Thursday, November 22, 2012

The glory of children: Go and wash the dishes, jerks!

I was going to try and talk about a corporate scammer of very good name that plays the Internet invoice scam.

WTF. If idiots actually believe they’ve signed on with a high-profile accommodation booking site, I can’t help them.

Instead, I’ll talk about the strange intersect between shit activities and family life.

I once gave up on a discussion about the washing up, when someone told me they regarded it as slavery – as something his children would never have to suffer. QED the dishwashing machine.

I own a dishwasher now, my fifth. Only one has ever been any damn good at the job – an ancient Vulcan that had to be ditched when spare parts became unavailable. Apart from that, each one has been, from the cheap to the “it costs HOW much?” have disappointed.

When our sons were young – younger than ten – Ms T and I stopped trying to find a dishwasher that pleased us, that didn’t demand a half-hour of pre-rinse and frequent “be nice to an appliance” routines, and reverted to hand-washing. There remains an unused machine of decent brand, taking up space because we can’t figure out how to remodel the kitchen.

Then she fell ill.

Sometime in the last two years, between me trying to earn an income between a chair in the corner of a hospital room, a home office that’s usually on the dining table, and wielding a mop-and-bucket in a Blue Mountains eco-tourism resort – and Ms T splitting her time between hospital, the kitchen because she loves to put meals on our table, the best chair in front of the TV when there’s cricket, and so on – where was I?

Oh yeah.

The boys took over the washing up.

I was at the Royal Prince Alfred, anytime I wasn’t fixing breakfast, preparing dinner (under Ms T’s instructions), working in the seat in the corner, or picking them up from schools.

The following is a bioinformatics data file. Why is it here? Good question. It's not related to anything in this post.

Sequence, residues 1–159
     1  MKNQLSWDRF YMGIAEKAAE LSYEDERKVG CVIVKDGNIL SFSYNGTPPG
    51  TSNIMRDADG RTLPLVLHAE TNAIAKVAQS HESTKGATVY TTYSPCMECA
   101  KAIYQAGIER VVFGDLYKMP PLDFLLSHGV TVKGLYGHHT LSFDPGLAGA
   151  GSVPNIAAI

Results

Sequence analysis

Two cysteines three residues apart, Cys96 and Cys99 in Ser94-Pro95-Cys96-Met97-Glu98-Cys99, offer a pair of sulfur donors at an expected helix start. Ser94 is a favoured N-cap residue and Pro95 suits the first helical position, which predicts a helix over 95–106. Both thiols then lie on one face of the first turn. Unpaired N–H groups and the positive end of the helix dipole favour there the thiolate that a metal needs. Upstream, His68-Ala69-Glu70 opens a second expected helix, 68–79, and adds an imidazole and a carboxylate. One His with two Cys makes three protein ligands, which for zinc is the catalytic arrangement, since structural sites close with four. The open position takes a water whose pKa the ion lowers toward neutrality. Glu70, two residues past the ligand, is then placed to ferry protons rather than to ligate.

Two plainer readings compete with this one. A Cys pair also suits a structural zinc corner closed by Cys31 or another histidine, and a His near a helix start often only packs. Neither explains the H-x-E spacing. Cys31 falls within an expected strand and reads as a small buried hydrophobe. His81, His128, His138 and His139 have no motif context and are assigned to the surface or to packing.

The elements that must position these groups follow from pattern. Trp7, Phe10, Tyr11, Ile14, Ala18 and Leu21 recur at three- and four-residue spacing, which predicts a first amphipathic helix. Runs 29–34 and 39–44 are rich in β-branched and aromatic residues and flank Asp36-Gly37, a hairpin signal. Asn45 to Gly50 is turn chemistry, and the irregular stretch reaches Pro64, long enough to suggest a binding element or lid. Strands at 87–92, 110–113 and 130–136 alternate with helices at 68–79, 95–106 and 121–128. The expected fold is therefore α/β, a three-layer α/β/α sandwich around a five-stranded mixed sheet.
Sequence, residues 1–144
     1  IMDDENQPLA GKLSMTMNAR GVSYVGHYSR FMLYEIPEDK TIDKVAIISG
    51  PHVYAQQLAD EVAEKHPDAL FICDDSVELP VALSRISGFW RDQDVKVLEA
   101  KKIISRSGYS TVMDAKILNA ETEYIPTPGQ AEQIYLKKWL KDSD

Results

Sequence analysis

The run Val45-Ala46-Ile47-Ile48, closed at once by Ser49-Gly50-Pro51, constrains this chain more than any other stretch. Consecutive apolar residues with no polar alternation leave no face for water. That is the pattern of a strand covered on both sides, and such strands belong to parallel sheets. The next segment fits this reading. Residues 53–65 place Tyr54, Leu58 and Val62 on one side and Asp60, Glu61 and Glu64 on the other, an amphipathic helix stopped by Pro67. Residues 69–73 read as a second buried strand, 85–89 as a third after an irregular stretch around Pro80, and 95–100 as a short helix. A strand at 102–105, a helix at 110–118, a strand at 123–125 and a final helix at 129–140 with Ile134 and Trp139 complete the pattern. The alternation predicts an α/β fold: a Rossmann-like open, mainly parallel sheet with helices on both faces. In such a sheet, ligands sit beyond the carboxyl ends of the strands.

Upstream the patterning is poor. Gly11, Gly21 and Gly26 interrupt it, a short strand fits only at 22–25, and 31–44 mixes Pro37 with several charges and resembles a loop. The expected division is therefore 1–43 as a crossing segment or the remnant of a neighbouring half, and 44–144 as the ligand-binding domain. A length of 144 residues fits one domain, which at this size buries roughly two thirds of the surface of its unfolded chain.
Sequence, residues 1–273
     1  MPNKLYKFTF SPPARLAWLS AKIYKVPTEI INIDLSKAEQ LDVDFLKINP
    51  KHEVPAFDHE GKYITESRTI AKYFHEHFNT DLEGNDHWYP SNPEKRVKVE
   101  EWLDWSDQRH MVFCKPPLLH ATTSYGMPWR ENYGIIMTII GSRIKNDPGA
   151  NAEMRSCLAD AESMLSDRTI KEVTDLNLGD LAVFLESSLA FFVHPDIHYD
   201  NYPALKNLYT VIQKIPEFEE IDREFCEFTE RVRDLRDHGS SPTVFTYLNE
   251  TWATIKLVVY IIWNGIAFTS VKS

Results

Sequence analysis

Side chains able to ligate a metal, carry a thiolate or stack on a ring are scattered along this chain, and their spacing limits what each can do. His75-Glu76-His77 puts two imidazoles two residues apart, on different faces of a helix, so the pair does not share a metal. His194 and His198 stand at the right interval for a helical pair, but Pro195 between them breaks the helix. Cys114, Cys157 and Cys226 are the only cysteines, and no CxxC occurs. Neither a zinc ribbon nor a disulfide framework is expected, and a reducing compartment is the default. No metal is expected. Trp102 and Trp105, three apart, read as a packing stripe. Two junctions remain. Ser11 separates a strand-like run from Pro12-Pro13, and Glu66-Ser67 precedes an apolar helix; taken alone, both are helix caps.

Evenings, my two sons had to themselves, and they – not I – decided to assume the burden of washing up for themselves.

And that’s the way they kept it.

It’s a matter of pride for them: Ms T cooks meals (which when life is good I will set against any meal); I earn money; they help us keep things going.

And they’re proud of it. If we remind them that something wasn’t cleaned properly, it’s personal.

There are other things they do, without hope or expectation or reward, beyond their devotion to their mother.

And before anybody decides to create some kind of “ideal” out of them: I can assure you that in a great many situations, they would rate as “pain in the arse of the whole world”. They need a cattle-prod to actually undertake school or university work. They don’t understand the difference between “conversational emphasis” and “too fucking loud”. They spend too much time on games, much as I once spent too much time trying to perfect my skills as a drummer in the late 1970s.

And they are gifts, wonders, treasures that would blush if the ever notice how highly I regard them. If they don’t see this, they won’t blush. If they do? Fine by me. They deserve my admiration, and they have it.

Now, you loudmouth, game-obsessed, unscholarly lazy jerks: go and wash the dishes! :-)

We consider you two boys the unvarnished gold of our lives. You can live the shit-life of chemotherapy without cringing, will volunteer for things worse than mere dish-washing without flinching, will live the life of chronic illness without it even denting your savoir-faire. You are stronger than I could have been.

Please, in the outside world, can I account this as success as a father? Can Ms T and I believe we were good parents?


1 comment:

Anonymous said...

Richard. I lost my beloved father 18mrhs ago. I'd wash a million dishes to see him smile again. I'd do a million more to help my mum cope with his loss. Cherish the bond with your kids. Rest assured, they do...